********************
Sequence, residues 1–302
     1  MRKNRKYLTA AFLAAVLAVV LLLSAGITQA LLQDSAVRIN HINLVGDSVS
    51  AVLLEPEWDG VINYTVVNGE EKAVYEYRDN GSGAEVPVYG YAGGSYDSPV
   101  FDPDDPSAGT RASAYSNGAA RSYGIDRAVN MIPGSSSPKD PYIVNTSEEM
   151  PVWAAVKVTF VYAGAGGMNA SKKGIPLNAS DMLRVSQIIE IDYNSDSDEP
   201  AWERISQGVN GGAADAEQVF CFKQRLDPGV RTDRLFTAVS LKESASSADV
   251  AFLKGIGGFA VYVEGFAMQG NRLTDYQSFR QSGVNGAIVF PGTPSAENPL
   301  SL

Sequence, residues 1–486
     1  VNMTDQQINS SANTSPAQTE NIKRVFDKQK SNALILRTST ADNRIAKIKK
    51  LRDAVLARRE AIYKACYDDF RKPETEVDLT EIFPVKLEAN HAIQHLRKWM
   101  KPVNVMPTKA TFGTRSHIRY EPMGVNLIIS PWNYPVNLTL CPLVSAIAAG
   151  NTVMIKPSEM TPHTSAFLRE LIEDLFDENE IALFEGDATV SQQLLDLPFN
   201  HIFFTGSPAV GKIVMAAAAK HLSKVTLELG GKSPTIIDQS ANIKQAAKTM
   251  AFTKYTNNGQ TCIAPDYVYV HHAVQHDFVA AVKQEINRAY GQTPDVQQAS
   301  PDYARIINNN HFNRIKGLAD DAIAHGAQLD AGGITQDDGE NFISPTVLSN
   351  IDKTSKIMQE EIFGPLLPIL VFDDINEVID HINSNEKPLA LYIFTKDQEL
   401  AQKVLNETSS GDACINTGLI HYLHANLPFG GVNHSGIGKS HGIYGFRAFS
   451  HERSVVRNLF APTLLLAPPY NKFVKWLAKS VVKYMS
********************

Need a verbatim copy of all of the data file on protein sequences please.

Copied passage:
Sequence, residues 1–302
     1  MRKNRKYLTA AFLAAVLAVV LLLSAGITQA LLQDSAVRIN HINLVGDSVS
    51  AVLLEPEWDG VINYTVVNGE EKAVYEYRDN GSGAEVPVYG YAGGSYDSPV
   101  FDPDDPSAGT RASAYSNGAA RSYGIDRAVN MIPGSSSPKD PYIVNTSEEM
   151  PVWAAVKVTF VYAGAGGMNA SKKGIPLNAS DMLRVSQIIE IDYNSDSDEP
   201  AWERISQGVN GGAADAEQVF CFKQRLDPGV RTDRLFTAVS LKESASSADV
   251  AFLKGIGGFA VYVEGFAMQG NRLTDYQSFR QSGVNGAIVF PGTPSAENPL
   301  SL

Sequence, residues 1–486
     1  VNMTDQQINS SANTSPAQTE NIKRVFDKQK SNALILRTST ADNRIAKIKK
    51  LRDAVLARRE AIYKACYDDF RKPETEVDLT EIFPVKLEAN HAIQHLRKWM
   101  KPVNVMPTKA TFGTRSHIRY EPMGVNLIIS PWNYPVNLTL CPLVSAIAAG
   151  NTVMIKPSEM TPHTSAFLRE LIEDLFDENE IALFEGDATV SQQLLDLPFN
   201  HIFFTGSPAV GKIVMAAAAK HLSKVTLELG GKSPTIIDQS ANIKQAAKTM
   251  AFTKYTNNGQ TCIAPDYVYV HHAVQHDFVA AVKQEINRAY GQTPDVQQAS
   301  PDYARIINNN HFNRIKGLAD DAIAHGAQLD AGGITQDDGE NFISPTVLSN
   351  IDKTSKIMQE EIFGPLLPIL VFDDINEVID HINSNEKPLA LYIFTKDQEL
   401  AQKVLNETSS GDACINTGLI HYLHANLPFG GVNHSGIGKS HGIYGFRAFS
   451  HERSVVRNLF APTLLLAPPY NKFVKWLAKS VVKYMS